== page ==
It is hard to imagine that this journey to complete all 100 peaks on the San Diego Sierra Club list is almost done. I have two more peaks to summit; Palm Mesa High Point and Roost Benchmark. I knew my window to climb them was coming to an end, as the desert was warming up, so I needed to try to get them in as soon as possible. The more challenging of the two was going to be Palm Mesa High Point. This peak can be summited in a number of ways; you can climb up from Sheep Canyon, approach it from Henderson Canyon, or use the Borrego Palm Canyon North Fork route. The first two options are difficult routes, while the last one is easier but has access issues. Thankfully, Gina Norte was able to grant a small group of us permission to start from within the Los Coyotes Indian Reservation.
Our group met at 6 am at the guard shack at Los Coyotes and waited for Gina to arrive and then escort us in. Once we were all there, we followed Gina up the road to the campground. Once there, we parked and got into two cars before continuing further back into the reservation. We parked near the cemetery and began our adventure. The hike is not extreme, but it is a canyon hike, so we have most of our elevation gain on our return from the summit. The seven of us (Susie Kara, Matt Bennett, Matt Hanan, Alberto Martinez, Laura Neuman, Gina, and myself) continued down the road toward the wash that would take us up over the ridge.
Passing under the tall oaks, we dropped down into a wide sandy wash and began working our way up toward a small saddle. Susie and I had hiked this portion last summer when we climbed Cody & Pike, so we knew the route (Gina also was very familiar with the region as well). The small fork that Susie and I missed last time got us again, but this time it was for just a brief moment. Once at the saddle our group split up. There are three Sierra Club peaks that can be accessed via this route; Cody, Pike, and Palm Mesa High Point. Since I had climbed Cody & Pike already, I was only focused on Palm Mesa High Point. But Matt H. and Alberto were more interested in Cody & Pike since it was much easier to get them via this route. Depending on their speed, they might try to catch us and also summit Palm Mesa High Point. Matt B. offered to go with them, so we said our goodbyes and down the North Fork, we went. We knew from Greg Gerlach’s trip report that we should not have any major issues, sans a few dry waterfalls that we would need to bypass.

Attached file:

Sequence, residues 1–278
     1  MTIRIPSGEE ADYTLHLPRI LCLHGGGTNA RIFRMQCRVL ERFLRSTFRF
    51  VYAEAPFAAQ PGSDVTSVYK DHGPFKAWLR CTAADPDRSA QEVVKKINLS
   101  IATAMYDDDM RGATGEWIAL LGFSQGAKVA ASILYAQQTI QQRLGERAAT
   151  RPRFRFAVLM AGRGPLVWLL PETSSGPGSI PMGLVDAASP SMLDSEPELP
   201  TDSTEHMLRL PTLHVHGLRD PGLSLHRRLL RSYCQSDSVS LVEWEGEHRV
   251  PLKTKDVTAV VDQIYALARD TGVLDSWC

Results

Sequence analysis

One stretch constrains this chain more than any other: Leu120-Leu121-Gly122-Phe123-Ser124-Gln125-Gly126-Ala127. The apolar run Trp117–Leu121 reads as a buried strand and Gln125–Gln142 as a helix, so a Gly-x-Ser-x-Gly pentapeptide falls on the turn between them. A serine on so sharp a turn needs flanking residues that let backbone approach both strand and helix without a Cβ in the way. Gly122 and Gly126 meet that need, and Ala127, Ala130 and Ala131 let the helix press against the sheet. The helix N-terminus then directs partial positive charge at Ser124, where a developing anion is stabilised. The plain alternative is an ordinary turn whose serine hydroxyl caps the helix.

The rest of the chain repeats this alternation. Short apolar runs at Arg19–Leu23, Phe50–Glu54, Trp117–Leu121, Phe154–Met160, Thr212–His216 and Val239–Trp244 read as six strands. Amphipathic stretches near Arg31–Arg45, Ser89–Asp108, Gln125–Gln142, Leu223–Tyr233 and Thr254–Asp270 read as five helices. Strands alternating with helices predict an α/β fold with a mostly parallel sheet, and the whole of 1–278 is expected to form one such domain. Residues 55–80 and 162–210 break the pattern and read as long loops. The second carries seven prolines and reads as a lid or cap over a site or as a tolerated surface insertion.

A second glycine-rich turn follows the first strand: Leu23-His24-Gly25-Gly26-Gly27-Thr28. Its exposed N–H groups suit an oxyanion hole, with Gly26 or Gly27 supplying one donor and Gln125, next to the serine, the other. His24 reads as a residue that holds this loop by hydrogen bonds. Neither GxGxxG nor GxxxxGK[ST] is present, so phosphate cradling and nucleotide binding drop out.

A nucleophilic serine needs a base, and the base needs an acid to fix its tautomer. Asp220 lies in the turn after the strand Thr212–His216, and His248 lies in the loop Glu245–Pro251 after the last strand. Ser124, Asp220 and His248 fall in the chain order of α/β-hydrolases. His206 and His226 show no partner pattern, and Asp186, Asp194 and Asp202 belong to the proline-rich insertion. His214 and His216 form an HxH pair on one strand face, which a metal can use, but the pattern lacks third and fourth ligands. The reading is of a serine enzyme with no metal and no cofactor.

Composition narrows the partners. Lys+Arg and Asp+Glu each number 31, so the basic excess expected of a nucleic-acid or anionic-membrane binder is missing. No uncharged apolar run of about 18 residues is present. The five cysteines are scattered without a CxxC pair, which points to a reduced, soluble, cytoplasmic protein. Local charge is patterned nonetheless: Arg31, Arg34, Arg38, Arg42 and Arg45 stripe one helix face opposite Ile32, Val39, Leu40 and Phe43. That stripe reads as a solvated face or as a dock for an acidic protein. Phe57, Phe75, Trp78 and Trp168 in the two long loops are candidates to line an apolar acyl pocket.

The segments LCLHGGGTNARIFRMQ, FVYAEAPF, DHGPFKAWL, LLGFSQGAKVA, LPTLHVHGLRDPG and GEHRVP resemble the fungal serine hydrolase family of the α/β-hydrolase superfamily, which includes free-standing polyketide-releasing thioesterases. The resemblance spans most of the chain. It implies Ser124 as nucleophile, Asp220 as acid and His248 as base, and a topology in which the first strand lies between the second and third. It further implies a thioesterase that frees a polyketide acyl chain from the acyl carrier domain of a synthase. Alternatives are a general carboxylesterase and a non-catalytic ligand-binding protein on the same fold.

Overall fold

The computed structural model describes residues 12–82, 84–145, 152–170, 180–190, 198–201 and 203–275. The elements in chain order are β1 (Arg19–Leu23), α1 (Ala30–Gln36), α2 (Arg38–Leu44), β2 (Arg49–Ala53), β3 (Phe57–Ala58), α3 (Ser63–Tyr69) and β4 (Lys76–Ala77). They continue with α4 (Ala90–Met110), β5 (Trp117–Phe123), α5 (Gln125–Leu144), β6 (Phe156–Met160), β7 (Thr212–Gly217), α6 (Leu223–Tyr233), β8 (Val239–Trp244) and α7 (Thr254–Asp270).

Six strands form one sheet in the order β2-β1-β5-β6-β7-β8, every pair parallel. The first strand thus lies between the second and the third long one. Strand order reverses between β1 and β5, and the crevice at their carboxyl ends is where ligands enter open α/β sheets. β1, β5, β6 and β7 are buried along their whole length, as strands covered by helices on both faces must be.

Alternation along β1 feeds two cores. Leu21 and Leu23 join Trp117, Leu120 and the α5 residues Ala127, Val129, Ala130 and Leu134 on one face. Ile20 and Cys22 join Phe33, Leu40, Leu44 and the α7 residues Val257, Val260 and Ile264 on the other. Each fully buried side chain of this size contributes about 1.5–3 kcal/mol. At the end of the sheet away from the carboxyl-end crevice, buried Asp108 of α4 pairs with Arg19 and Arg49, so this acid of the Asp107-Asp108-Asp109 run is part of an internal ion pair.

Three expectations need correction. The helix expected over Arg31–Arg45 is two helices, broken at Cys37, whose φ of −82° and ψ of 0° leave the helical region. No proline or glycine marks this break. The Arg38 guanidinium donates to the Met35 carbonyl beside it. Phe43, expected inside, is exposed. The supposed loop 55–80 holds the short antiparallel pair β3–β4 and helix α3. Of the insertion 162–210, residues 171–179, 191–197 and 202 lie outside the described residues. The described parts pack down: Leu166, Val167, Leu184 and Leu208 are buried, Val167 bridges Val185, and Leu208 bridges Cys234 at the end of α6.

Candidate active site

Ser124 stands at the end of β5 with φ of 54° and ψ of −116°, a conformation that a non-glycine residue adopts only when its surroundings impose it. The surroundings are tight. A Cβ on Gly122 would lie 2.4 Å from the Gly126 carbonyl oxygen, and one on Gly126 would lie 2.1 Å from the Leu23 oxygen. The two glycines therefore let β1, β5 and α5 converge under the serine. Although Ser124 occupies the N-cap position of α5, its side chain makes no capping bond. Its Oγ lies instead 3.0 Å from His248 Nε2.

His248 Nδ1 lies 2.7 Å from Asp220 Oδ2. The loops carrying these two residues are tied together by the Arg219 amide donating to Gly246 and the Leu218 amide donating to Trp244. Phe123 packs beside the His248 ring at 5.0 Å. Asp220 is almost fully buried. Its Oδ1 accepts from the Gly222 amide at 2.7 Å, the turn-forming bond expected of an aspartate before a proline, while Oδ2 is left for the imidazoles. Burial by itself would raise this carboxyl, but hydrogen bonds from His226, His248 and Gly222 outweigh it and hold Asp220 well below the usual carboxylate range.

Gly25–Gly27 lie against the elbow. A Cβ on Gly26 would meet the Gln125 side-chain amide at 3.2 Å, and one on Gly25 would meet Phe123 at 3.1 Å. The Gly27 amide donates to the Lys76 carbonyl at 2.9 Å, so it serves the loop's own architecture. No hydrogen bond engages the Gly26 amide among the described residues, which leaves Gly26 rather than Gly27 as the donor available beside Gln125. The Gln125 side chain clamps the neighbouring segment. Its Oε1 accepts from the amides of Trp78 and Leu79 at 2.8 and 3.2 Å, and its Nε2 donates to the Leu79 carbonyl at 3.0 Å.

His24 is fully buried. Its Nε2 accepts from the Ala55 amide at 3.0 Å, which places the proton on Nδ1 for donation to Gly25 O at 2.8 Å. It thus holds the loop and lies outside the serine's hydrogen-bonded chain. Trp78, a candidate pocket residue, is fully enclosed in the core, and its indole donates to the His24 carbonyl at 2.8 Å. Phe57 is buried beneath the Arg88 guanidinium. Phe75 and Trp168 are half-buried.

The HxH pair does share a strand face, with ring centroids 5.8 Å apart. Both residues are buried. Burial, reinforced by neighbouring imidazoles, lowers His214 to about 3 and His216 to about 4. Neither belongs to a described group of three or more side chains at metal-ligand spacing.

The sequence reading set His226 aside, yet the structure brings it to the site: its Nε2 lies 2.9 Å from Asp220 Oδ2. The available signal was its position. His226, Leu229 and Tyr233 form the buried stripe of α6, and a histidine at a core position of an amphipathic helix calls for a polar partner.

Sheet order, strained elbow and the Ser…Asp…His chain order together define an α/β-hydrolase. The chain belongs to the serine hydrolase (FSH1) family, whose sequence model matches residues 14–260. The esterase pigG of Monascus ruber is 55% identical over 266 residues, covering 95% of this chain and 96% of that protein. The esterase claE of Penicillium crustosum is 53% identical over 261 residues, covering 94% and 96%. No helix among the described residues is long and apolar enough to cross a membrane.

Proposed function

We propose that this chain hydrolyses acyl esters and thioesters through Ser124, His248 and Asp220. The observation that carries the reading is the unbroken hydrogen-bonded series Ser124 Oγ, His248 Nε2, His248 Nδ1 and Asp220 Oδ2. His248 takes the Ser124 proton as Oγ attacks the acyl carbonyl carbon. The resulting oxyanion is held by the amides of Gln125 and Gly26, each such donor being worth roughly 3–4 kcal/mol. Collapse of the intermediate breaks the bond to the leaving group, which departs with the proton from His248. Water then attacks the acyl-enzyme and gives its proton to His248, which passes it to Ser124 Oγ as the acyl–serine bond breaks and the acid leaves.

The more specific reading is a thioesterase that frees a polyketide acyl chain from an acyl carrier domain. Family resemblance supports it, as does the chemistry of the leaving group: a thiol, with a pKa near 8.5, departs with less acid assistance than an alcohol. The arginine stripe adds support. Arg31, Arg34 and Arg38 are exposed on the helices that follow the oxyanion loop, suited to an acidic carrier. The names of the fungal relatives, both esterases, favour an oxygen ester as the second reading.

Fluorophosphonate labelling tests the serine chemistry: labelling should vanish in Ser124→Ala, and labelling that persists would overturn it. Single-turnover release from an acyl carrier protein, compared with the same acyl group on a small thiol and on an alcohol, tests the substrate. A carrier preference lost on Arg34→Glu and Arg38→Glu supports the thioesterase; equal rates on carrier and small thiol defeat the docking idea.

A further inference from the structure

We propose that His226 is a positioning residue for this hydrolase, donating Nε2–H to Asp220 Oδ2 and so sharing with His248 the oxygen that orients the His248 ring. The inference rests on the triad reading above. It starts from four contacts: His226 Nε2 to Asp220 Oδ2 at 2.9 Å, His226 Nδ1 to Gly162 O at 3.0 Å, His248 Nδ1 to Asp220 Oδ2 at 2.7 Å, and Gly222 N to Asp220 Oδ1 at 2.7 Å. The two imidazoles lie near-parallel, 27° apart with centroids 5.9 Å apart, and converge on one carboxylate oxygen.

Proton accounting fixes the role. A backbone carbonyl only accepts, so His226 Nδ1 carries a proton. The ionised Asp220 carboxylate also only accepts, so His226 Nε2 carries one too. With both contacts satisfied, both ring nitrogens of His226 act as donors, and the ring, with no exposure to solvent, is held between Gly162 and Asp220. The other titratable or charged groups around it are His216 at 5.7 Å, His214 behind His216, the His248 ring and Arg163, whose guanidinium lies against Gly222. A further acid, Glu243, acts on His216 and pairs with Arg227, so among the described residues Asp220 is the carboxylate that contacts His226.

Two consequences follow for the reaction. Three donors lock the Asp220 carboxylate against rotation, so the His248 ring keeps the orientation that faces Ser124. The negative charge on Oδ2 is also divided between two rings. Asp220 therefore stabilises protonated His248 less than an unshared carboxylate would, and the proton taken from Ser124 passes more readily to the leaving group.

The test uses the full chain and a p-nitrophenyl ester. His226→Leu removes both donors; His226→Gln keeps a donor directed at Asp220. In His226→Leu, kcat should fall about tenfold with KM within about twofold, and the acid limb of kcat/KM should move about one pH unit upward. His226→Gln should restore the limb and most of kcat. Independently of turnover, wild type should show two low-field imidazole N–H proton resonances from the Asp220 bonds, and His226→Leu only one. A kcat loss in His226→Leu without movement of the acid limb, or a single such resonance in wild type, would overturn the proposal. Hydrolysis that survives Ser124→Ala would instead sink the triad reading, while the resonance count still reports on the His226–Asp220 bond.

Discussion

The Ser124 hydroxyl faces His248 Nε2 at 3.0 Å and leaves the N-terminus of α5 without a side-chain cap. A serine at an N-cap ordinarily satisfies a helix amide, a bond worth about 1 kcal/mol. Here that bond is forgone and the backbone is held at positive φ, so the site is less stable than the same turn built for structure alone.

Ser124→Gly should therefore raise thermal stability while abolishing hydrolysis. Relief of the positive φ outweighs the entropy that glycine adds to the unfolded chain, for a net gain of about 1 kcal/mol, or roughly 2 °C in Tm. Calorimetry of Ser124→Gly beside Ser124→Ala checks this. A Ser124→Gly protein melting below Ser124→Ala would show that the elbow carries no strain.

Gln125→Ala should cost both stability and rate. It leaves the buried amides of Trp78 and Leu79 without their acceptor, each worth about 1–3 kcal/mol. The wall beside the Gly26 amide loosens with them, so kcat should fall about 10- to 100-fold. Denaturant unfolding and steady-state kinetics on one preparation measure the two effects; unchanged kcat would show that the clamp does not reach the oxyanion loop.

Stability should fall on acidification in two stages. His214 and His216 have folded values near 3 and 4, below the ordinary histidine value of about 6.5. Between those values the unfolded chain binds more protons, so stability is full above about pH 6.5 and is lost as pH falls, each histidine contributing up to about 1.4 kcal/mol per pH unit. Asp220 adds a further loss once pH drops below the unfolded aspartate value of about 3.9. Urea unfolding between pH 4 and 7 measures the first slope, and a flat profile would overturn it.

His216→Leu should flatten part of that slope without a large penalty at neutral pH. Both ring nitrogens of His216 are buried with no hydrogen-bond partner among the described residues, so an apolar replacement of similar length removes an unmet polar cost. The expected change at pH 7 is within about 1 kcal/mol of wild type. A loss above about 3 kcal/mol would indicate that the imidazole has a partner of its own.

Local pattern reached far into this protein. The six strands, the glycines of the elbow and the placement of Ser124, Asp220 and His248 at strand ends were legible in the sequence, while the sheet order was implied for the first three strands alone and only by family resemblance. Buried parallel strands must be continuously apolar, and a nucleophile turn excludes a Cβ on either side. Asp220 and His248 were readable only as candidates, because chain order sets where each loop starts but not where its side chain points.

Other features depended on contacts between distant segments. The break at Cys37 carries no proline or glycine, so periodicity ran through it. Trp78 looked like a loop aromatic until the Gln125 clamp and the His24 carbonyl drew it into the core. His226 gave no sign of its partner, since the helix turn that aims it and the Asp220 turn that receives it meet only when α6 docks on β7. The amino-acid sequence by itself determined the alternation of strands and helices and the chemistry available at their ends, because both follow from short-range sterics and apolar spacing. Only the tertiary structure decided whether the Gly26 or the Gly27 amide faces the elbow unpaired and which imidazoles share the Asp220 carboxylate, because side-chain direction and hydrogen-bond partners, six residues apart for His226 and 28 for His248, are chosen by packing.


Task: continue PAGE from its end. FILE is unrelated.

I realized that when we transferred cars, I forgot to grab my Gatorade and oranges from my cooler. Crud. I even told myself “Don’t forget to grab the stuff from the cooler”. I would just need to be a little cautious. I had 3 liters, plus my other food, so I should be ok.
We passed Pike to our north and Cody to the south. There were some wildflowers scattered along the side of the wash, giving us some nice visuals. Finally, we started to encounter the first of our dry waterfalls. Susie had done some of this section when she, Matt B, and Greg Gerlach had done this hike back in 2019 as a backpacking trip. Some we were able to scale down, and a couple we bypassed. We took a short break and discovered we had several hitchhikers who had decided to attach themselves to our clothes. We picked off the ticks and checked each other, and would do so several more times during the hike.
Finally, after about 4 miles, we reached the base of Palm Mesa High Point. Thankfully, the route up to the summit did not have any terrain challenges, other than gaining about 900 feet of elevation in about 0.6 miles. I took the climb at a steady and measured pace, taking a couple of mini-breaks along the way. Soon I had reached the summit! The four of us sat around soaking in the views. Familiar peaks surrounded us. To our north, we could see Collin, Palms, and Elder. To our south was the San Ysidro ridge. Off to the east, Anza-Borrego was spread out before us. We tried not looking to the west and our climb back up. I happily signed the register and took my photos. I enjoyed my PB&J and the Mandarin that Susie gave me. After a nice break, we set off back down. As we almost reached the base of the ridge, Matt B. was making his way up. He filled us in on the status of the rest of the group before heading up toward this summit. The four of us then began our climb back up toward the saddle.
Over the next 2.5 miles, we would gain about 1,400 feet before reaching that small saddle. I continued my steady and measured pace, being careful with my water intake. We would stop for a short break here and there (also for some quick tick checks). Matt B. did catch us, as expected and we continued on up to the saddle where Matt H. and Alberto should be waiting.
As the saddle came into view, we could spot Matt H. in his traditional Celtic Football jersey, waving down to us. Once we reached the saddle, we took a short break while we waited for Alberto to return from his quick jaunt up Phil Benchmark. Upon his return, we cruised the 1.75 miles back to our cars and then drove back to the campground. With that, my 99th peak was in the books. All told, this hike covered 9.7 miles in 7:53 with 2,974 feet of total gain. Next up, Roost Benchmark!
I am an avid peak bagger, sometimes backpacker, and former sea kayaker living in San Diego. In 2019, I became the third person to complete the San Diego 100 Peak Challenge. Not stopping with that accomplishment, I set my sights on the harder San Diego Sierra Club 100 Peak list, which I completed in 2021. In addition, I have conquered several Six-Pack of Peaks challenges (SoCal, San Diego, and Arizona-Winter). Beyond attempting the San Diego Sierra Club 100 Peak list a second time, I am looking forward to exploring new summits and new adventures across the southwest.